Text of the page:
DNV GL’s recently launched project FORCE (For Reduced Cost of Energy) has identified potential savings of at least 10% of the cost of offshore wind energy, if an integrated approach to four market-ready technologies is adopted.
Project FORCE was set up to explore how the idea of “integrated design” could reduce offshore wind costs when applied to the wind turbine and its supporting structure for a typical project. Twenty-five DNV GL engineers from disciplines including cost modelling, offshore load calculations, blade design, controller design, and structural design were brought together to work on the problem. Through the combination of four technologies (integrated design, relaxation of frequency constraints, enhanced control systems, and slender, faster blades) aggregate cost savings of over €1Bn in NPV terms could be achieved over the next decade.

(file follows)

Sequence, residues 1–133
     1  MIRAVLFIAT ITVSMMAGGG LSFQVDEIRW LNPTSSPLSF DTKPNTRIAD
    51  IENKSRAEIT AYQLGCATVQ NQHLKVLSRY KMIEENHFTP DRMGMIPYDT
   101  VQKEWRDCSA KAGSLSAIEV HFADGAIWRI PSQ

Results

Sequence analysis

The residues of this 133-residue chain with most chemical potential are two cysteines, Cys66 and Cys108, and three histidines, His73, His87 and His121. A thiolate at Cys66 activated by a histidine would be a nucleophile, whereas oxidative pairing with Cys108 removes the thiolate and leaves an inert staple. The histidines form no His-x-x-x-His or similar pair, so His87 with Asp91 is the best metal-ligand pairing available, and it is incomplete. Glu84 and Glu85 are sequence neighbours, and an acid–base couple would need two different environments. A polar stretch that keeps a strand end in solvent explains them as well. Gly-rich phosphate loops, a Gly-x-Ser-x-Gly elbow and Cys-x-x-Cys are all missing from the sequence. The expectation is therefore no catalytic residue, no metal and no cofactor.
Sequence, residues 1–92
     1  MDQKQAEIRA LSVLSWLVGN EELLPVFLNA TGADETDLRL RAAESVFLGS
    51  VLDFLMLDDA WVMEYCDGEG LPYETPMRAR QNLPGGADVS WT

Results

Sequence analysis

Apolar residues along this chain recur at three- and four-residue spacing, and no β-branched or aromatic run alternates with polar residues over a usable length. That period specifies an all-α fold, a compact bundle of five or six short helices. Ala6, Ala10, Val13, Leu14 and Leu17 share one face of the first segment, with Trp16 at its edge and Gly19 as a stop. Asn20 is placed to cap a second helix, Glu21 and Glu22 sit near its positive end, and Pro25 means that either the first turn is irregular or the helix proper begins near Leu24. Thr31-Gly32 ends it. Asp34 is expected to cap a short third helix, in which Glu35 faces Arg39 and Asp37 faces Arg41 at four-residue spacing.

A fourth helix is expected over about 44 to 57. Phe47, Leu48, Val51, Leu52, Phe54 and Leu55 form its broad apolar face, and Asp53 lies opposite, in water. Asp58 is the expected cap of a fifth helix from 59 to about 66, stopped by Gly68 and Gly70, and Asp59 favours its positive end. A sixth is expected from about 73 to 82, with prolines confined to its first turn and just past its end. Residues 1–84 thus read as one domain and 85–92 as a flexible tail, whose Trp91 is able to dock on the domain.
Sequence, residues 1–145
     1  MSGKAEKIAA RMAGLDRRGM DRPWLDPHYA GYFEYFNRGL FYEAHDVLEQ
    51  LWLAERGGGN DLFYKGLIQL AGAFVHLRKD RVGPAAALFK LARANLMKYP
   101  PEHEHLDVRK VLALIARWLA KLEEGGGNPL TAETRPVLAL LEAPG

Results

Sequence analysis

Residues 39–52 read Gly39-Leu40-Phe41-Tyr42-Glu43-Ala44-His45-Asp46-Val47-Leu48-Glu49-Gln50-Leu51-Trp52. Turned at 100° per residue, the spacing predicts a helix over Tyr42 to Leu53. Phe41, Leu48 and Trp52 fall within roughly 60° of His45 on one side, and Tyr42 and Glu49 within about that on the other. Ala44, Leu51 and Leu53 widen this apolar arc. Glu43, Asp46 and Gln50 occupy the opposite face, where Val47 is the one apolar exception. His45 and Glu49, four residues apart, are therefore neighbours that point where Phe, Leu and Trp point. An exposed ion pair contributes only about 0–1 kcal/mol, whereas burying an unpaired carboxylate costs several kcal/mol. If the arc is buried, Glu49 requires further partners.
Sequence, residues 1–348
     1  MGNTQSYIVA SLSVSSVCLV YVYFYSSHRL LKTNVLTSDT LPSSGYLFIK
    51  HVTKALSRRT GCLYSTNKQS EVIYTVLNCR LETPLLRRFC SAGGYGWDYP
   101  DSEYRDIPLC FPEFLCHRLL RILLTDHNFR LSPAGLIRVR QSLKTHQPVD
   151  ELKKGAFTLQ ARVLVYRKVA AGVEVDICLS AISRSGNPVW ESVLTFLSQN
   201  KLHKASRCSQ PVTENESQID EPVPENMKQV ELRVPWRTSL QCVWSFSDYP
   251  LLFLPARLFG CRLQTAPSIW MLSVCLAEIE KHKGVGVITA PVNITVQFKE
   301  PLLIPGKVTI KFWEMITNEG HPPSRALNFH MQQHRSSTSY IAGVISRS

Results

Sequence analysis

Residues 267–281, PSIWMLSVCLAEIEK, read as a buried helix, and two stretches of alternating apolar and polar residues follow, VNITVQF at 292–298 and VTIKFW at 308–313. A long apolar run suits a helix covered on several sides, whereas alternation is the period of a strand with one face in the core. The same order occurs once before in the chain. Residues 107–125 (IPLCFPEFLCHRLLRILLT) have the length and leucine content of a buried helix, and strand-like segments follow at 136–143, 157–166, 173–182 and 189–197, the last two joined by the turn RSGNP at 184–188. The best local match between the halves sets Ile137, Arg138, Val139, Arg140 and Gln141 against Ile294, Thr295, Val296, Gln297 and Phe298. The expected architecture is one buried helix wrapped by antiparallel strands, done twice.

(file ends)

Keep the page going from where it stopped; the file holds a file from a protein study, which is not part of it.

“The cost savings identified by the FORCE team could be exploited by industry right now,” says RV Ahilan, executive vice president for renewables advisory at DNV GL. “The problem is the misalignment between the design-risk of the changes needed and the cost-reduction reward delivered by those changes. Whilst the former mostly lies with the wind turbine manufacturer, the latter benefits the complete offshore wind asset. The technology is there – we now need to smash down the commercial barriers to make it happen.”
In order to remove these barriers, DNV GL believes a rapid maturation of industry practice is needed via an integrated and collaborative approach to design, engineering, and procurement.
“Ultimately healthy levels of collaboration are as important as healthy levels of competition,” says Tim Camp, head of turbine engineering. “Whilst we have made significant progress on improving supply chain competition over the last few years, it is now time that we start acting like a mature industry – embracing both collaboration and integration.”